Last update: June 27th, 2019 at 7:00 am
On January 19, 2014, the Moderate Resolution Imaging Spectroradiometer (MODIS) on NASA’s Aqua satellite captured this image of a dark autotroph bloom of microscopic organisms off the southeastern coast of Brazil. Note how the waters of the South Atlantic are darkened in patches stretching as much as 800 kilometers (500 miles) from south to northeast across the continental shelf. In the image, the puffy strands of white over the sea and inland are clouds.
Biologists working in the area have identified the bloom as Myrionecta rubra (previously known as Mesodinium rubrum), a fast-swimming ciliate protist. Though it is not a true phytoplankter, it is an autotroph; that is, it makes its own food. Myrionecta fuels itself by photosynthesis, but it does so by ingesting chloroplasts (chlorophyll-bearing plastids) from other algae. Aside from threatening the microscopic algae it consumes, Myrionecta rubra is not known to be toxic to other marine life or humans.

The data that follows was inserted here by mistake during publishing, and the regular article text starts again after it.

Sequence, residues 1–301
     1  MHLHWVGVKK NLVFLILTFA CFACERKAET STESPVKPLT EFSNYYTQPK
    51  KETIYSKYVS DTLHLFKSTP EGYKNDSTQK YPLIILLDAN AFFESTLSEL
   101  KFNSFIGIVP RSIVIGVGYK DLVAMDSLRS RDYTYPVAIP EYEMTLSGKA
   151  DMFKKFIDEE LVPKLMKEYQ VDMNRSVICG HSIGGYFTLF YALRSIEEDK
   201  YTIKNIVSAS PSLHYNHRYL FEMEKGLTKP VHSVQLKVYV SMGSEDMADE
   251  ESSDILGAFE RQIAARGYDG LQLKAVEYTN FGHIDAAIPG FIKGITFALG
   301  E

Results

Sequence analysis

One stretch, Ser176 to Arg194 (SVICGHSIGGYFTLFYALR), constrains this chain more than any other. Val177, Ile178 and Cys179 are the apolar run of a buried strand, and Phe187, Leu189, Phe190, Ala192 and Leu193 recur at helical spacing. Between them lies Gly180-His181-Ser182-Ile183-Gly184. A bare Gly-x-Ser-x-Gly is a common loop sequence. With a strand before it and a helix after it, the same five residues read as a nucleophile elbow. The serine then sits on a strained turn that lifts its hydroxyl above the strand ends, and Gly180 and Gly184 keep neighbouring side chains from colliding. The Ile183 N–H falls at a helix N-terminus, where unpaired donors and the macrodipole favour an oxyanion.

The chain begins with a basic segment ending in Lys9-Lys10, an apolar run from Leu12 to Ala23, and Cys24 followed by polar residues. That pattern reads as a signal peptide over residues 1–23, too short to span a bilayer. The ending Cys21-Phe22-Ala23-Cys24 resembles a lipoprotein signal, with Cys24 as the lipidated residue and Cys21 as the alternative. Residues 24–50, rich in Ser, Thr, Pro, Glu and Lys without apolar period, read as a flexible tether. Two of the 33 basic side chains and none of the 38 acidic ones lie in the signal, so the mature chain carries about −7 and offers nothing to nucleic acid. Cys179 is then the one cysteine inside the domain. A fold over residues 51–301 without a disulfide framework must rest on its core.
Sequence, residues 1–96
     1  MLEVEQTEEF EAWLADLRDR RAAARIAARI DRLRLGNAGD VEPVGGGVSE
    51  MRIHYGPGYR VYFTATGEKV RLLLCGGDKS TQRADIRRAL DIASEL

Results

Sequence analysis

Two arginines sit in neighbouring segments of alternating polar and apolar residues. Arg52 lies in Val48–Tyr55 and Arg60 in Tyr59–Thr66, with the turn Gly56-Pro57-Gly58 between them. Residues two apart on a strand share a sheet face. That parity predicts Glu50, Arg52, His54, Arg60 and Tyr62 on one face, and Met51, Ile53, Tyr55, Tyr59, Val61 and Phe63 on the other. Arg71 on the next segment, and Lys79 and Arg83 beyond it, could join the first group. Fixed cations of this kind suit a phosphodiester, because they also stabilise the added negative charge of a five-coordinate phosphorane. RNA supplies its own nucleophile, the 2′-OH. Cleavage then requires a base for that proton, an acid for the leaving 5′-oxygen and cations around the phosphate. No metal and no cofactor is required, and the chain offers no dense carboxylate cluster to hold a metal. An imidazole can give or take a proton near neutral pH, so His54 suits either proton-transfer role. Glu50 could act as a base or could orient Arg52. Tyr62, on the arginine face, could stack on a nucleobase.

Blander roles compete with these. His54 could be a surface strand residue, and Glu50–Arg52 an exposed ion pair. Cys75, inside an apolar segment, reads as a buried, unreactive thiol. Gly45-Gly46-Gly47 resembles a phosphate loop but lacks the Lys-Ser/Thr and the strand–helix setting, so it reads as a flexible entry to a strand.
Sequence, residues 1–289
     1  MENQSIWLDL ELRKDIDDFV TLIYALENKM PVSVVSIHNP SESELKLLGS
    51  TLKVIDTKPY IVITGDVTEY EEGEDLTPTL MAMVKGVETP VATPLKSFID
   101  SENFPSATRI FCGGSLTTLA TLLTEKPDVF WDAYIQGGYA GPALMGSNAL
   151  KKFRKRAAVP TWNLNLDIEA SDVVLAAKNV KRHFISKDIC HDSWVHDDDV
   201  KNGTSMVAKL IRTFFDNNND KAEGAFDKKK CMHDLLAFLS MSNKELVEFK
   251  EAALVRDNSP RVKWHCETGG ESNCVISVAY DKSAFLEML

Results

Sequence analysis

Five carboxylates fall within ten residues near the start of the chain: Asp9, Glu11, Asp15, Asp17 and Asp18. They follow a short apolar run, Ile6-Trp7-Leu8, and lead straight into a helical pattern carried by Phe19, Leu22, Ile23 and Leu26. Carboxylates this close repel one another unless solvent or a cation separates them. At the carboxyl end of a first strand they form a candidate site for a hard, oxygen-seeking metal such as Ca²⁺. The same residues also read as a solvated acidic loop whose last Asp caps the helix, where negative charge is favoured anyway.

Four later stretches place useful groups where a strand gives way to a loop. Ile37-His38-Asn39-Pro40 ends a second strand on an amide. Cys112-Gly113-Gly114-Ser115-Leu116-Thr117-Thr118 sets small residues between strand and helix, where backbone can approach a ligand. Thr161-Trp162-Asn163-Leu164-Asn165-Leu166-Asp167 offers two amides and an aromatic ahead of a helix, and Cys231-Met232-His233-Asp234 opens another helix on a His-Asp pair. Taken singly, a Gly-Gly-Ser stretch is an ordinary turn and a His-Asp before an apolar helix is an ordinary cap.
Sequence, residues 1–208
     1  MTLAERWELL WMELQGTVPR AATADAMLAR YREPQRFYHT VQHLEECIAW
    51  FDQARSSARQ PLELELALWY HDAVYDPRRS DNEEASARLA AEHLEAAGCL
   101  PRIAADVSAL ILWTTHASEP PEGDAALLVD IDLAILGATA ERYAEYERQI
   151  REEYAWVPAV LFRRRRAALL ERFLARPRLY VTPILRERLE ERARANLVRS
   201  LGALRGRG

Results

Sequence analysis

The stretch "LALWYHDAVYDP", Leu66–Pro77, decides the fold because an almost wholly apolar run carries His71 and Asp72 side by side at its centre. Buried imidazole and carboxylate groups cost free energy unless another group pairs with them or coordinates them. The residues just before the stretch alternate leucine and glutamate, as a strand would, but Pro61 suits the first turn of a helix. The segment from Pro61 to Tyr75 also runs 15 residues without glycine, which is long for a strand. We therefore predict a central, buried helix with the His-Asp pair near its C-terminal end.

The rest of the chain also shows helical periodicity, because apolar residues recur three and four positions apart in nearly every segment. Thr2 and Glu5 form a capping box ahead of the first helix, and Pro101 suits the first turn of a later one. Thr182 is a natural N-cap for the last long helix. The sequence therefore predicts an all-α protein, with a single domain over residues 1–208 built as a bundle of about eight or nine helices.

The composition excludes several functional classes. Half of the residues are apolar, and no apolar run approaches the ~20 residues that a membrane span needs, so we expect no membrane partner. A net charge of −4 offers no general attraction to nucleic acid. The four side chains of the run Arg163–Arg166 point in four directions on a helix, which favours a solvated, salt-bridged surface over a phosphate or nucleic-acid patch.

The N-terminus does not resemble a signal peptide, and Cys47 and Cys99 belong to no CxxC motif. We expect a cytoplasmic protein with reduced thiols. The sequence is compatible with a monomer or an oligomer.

Viewed close-up, these blooms have a deep red color. But this bloom appears nearly black in the satellite image because of how the ocean scatters and absorbs sunlight. Myrionecta rubra blooms tend to float a meter or two below the water surface, so whatever photons of red light they are reflecting are likely being absorbed or scattered on their way back to the surface.
Closer to shore—look near Rio de Janeiro and Sao Paolo—the water has a green tint, perhaps signs of a different bloom of phytoplankton or of sediments stirred up by recent flooding in the region.
Credit: NASA Earth Observatory image by Jesse Allen, using data from the Land Atmosphere Near real-time Capability for EOS (LANCE). Caption by Michael Carlowicz, with interpretation from Aurea Maria Ciotti, Universidade de São Paulo, and Norman Kuring, NASA Ocean Color Group.